This research was funded by grants from WennerGren and National Science Foundation award #0810118.

Photo by Claudine Escobar.
The UC team: Brian Lane (Anthropology grad student), Vern Scarborough, Ben Thomas (Geography grad student), David Lentz, Nick Dunning, Eric Weaver (Geography grad student) and Kim Thompson (Biological Sciences grad student).

Technical details of the project

Read more about Professor Lentz and his work:

Opening of Field Station Celebrates Simple Gifts at Former Shaker Farm
SLIDE SHOW: The opening of the Cincinnati Center for Field Studies at Miami Whitewater Forest was celebrated by nearly a hundred guests, UC faculty and students — today’s and tomorrow's.

UC Field Station Opening Honors Nature, History — and the Future
Tree planting, research posters, conceptual building designs by DAAP students and storytelling by a Native American 'Olammapise' highlight the opening of the Cincinnati Center for Field Studies at Miami Whitewater Forest.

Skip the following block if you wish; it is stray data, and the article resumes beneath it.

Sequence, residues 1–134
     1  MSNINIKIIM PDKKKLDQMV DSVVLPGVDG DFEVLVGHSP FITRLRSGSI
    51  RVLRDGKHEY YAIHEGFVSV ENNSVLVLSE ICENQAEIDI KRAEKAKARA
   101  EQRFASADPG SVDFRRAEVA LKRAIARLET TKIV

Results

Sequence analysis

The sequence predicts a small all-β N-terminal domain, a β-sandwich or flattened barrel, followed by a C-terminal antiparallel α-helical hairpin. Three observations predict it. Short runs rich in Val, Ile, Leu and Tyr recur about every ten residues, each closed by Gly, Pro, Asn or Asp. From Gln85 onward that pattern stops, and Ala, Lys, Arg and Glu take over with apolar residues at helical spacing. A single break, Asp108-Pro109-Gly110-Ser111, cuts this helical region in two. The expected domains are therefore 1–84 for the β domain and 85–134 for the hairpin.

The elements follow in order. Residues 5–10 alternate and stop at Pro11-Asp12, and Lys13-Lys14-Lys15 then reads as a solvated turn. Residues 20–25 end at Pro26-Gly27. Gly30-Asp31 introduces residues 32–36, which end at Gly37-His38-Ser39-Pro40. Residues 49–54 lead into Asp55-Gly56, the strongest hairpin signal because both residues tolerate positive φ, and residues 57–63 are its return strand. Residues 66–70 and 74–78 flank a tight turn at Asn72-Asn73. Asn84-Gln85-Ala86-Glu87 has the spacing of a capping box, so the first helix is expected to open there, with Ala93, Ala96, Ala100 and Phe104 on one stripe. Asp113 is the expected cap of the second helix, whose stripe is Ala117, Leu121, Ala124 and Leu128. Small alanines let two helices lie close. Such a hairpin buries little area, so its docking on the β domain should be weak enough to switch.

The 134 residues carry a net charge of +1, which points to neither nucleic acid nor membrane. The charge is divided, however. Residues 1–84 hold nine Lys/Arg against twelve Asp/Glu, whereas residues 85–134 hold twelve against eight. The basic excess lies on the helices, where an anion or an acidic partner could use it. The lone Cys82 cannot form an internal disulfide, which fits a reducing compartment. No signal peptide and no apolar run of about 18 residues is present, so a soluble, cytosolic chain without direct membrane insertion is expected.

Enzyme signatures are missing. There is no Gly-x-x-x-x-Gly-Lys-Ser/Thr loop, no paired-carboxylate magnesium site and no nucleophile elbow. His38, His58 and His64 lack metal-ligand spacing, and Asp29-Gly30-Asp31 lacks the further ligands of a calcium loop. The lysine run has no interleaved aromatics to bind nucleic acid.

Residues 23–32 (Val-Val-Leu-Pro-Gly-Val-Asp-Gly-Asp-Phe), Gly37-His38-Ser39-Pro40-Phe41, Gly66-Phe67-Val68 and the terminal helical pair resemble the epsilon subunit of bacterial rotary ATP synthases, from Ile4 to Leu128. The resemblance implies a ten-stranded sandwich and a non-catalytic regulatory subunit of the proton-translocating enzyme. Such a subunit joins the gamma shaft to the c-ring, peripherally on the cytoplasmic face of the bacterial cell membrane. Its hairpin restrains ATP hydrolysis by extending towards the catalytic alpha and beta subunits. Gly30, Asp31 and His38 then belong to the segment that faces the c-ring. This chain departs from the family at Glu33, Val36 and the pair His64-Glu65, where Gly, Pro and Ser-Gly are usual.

David Lentz, Executive Director of the Cincinnati Center for Field Studies, has loved science ever since he was a kid, collecting leaves from around his neighborhood and pressing them into a book. Even now as a paleothnobotanist at the University of Cincinnati, he is still just as excited about collecting samples as he was back then — except the samples are a lot older. Read the full interview here: ScienceLives: In Science, There's Never a Final Answer

Smithsonian: UC-Led Research Team Finds Evidence of Domesticated Ancient Sunflower in Mexico 
UC's David Lentz, Executive Director of the Cincinnati Center for Field Studies, led a research team examining ancient sunflower in Mexico.

UC to Create 'Living Lab' in Park 
The agreement with the Hamilton County Park District provides a Cincinnati Center for Field Studies — a living lab for students, teachers and scientists to conduct hands-on research in archeology, geology and environmental studies — and more.

Cincinnati Zoo Executive Director Thane Maynard interviewed David Lentz about the Cincinnati Center for Field Studies on WVXU's "Cincinnati Edition." Listen to the archived interview here.

Ancient Sunflower Fuels Debate About Agriculture in the Americas 
Researchers at the University of Cincinnati and Florida State University have confirmed evidence of domesticated sunflower in Mexico — 4,000 years before what had been previously believed.

Read Kim Burdett's interview with Vern Scarborough.